Ed Balls in affordable homes call
Labour leadership contender Ed Balls has called for an extra £6 billion to be invested to build an additional 100,000 affordable homes in a major new programme of house-building.
Mr Balls will be joined by wife Yvette Cooper - the shadow work and pensions secretary - for the first time on the campaign trail on Tuesday when they visit a new housing development in central London to highlight his plan.
He argues that the Government should fund a rapid expansion of house-building from a £12 billion "windfall" available because state borrowing for 2009-10 came in at £155 billion - lower than Alistair Darling's forecast of £167 billion in the March Budget.
The shadow education secretary believes his plan could create up to 750,000 jobs in the private sector, boosting economic growth as the UK and global economic recovery remain fragile, and tackling the urgent shortage of decent affordable housing.
He admitted that Labour's pre-election plans to build 176,000 social homes over four years were "too cautious" and acknowledged that the party was "late in recognising the importance of building more homes and more affordable homes" while in office.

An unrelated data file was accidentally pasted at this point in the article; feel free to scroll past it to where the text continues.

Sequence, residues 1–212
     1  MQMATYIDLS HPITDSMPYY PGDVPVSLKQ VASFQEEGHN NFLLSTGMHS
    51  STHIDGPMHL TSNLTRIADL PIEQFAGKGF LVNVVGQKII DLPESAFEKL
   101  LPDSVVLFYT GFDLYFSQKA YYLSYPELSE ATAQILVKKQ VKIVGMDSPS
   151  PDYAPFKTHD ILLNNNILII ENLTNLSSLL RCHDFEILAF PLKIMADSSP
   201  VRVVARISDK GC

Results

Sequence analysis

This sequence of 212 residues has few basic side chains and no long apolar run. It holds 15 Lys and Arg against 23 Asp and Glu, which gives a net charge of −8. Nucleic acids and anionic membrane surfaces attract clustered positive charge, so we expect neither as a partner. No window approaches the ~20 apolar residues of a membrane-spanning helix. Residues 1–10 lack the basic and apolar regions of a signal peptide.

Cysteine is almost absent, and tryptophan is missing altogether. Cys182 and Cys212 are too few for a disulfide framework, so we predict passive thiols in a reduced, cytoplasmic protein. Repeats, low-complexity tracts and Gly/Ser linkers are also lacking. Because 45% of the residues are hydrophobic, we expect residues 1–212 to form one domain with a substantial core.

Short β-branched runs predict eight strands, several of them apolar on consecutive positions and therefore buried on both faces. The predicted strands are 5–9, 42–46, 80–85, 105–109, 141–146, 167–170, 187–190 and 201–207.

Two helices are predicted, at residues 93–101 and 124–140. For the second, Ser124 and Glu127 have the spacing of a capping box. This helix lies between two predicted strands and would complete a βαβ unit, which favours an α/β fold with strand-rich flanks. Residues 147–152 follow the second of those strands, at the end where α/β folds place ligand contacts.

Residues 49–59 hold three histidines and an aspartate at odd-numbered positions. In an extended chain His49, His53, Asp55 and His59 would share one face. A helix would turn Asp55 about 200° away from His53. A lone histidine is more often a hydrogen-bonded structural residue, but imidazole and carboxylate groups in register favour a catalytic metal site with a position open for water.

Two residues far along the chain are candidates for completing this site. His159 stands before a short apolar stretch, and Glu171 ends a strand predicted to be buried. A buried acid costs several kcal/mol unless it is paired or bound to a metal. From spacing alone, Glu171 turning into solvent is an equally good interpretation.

A massive boost in house-building would "exemplify the economic alternative we need right now, and expose the myth that cuts can somehow produce jobs and growth".
"The truth is that whilst we made progress, Labour leaders over several decades never paid enough sustained attention to housing to make it the priority it deserved. That must change," Mr Balls said.
"We now need a strong housing policy to support our economy, to provide the homes Britain badly needs and to reconnect with the voters we lost, both young families who want a home of their own and those queuing patiently for social housing."
Mr Balls will also call for a temporary 5% VAT rate for the repair, maintenance and improvement of housing from January - when the Government plans to hike the tax to 20% - to encourage households to invest in the value of their homes. In the short term this could be paid for by part of the remaining £6 billion "windfall", but international evidence suggests that the move could actually increase the tax take, he said.
Mr Balls will unveil the policy at an event held at the National Housing Federation in central London alongside Ms Cooper, shadow housing minister John Healey and former London Mayor Ken Livingstone.